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A Glimpse at the Past: Lincoln’s Assassination Through the Diaries of Robert Sayre

National Canal Museum - A Glimpse at the Past: Lincoln’s Assassination Through the Diaries of Robert Sayre
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A Glimpse at the Past: Lincoln’s Assassination Through the Diaries of Robert Sayre

by NCM Historian Martha Capwell Fox

“Great gloom and consternation settled on the entire country” upon learning of the death that morning of President Lincoln, Robert Sayre wrote in his diary on April 15, 1865.  Though the daily entries Sayre made all his life are brief and terse, we can glean insights into the life and times of the extraordinary man who was the chief engineer and superintendent of the Lehigh Valley Railroad, as well as the builder and chief director of Bethlehem Iron. 

April 16, 1865 was Easter Sayre notes “the entire country is in mourning. ” He attended multiple services at “our new church” (of which he had led the founding and building ) and visited three friends including John Fritz, and his father, William H. Sayre.  

 The Washington assassins have not yet been arrested,” he wrote on Tuesday, the 18th, after a busy two daysa meeting in Catasauquatwo afternoons testifying in Lehigh County court in Allentown in a matter involving the Catasauqua & Fogelsville Railroad; greeting multiple visiting Episcopal bishops and clergy at train stations; and attending the cornerstone laying of Grace Episcopal Church in Allentown.  The following day, the bishops were to consecrate Sayre’s Church of the Nativity. 

Robert Sayre, whose diaries are held by the National Canal Museum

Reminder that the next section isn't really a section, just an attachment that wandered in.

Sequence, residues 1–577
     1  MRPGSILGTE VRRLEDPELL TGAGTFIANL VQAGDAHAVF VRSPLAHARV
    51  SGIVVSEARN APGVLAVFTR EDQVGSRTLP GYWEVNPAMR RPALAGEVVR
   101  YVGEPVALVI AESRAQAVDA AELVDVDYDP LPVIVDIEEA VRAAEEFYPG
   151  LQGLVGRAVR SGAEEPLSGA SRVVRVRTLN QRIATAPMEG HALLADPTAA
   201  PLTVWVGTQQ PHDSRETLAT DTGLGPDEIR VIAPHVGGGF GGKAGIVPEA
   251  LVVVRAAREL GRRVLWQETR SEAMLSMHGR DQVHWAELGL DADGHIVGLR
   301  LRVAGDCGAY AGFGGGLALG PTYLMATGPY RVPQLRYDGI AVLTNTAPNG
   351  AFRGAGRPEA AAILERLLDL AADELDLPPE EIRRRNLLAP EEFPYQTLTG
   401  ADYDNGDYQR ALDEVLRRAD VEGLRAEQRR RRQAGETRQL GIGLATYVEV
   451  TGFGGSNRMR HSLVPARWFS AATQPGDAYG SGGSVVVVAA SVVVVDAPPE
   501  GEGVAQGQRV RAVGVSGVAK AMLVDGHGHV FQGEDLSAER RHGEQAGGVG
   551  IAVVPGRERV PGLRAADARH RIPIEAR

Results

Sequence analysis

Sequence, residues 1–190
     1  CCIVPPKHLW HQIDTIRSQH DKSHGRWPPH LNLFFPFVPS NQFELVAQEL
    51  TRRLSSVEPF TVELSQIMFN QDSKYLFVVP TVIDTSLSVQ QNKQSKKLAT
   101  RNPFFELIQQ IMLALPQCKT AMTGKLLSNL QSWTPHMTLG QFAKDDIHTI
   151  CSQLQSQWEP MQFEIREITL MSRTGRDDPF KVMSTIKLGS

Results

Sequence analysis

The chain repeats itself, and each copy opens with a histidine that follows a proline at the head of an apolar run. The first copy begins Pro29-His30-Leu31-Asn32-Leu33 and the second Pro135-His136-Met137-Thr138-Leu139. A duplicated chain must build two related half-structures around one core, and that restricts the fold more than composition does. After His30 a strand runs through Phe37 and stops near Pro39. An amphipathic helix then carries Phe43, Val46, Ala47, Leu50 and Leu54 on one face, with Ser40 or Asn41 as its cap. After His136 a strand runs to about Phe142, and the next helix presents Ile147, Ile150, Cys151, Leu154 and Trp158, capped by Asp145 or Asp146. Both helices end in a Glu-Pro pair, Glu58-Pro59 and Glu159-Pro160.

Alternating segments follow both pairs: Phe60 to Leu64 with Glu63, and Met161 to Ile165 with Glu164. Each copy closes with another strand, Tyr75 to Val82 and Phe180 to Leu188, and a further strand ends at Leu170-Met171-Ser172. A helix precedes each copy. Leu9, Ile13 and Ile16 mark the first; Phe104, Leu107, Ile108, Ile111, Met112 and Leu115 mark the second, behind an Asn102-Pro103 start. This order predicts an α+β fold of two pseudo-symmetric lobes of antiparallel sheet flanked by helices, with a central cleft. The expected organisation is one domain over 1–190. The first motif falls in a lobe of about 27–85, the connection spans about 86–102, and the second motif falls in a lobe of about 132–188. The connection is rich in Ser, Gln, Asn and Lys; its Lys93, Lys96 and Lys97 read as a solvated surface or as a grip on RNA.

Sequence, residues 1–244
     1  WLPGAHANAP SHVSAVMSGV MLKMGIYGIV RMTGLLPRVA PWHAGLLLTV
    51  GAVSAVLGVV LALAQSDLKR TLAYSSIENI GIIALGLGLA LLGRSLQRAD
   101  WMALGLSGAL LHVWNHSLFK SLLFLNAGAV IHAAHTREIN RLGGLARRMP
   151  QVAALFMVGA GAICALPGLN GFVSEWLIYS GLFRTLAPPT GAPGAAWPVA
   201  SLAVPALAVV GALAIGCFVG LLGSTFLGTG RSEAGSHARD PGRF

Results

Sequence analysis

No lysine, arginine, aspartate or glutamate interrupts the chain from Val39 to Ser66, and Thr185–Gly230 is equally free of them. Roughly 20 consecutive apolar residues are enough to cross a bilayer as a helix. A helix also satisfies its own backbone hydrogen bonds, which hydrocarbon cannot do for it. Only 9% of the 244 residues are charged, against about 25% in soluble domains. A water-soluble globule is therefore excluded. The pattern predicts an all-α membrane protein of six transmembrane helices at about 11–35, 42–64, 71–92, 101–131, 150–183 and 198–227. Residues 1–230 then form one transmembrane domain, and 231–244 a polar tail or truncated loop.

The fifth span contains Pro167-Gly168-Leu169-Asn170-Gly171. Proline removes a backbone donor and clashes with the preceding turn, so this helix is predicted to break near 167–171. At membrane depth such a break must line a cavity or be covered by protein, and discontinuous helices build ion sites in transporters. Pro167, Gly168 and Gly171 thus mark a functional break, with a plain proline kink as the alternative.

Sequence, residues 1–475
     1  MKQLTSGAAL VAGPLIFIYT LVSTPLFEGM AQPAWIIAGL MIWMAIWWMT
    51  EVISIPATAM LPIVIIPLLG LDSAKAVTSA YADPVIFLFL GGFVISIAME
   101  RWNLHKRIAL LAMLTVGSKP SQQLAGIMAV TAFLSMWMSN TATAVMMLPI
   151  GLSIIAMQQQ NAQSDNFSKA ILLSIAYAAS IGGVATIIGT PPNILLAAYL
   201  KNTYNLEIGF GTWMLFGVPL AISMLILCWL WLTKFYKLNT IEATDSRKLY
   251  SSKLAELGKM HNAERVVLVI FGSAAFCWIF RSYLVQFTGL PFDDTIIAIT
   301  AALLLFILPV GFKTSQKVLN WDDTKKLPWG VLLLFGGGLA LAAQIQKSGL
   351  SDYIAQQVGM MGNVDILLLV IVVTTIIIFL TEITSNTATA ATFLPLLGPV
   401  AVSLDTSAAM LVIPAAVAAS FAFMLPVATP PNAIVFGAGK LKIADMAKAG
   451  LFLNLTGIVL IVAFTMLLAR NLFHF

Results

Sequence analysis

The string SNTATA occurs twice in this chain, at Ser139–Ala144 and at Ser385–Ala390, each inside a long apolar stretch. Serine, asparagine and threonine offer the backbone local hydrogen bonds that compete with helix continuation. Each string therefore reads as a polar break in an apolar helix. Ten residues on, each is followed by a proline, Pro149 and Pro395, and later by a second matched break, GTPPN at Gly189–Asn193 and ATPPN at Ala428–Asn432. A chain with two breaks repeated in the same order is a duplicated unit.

Lincoln’s funeral was held in Washington at noon on Wednesday, April 19and tens of  thousands of Americans gathered for memorial services at the same hour across the country. Nativity’s consecration was moved to 10 AM, and immediately afterward Sayre, the bishops, clergy, and the entire congregation walked across the nearby bridge to join the ministers and most residents of Bethlehem in the Moravian Church on Main Street.  

A hand-written program of that service is in the Moravian Archives’ collection.  It lists the names of the six ministers (Schultz, Heisler, de SchweinitzPotter, Cummings, and Geissenheimer) who spoke or led prayers, and notes two hymns sung by the choir and three by the congregation. The Moravian and Episcopalian groups then returned to Nativity for yet another service, at which de Schweinitz extolled the strength of the historic ties between Anglicans and Moravians. 

 “All business suspended today in honor of our late President,” Sayre wrote at the end of what must have been a day of both deep grief and great joy.   

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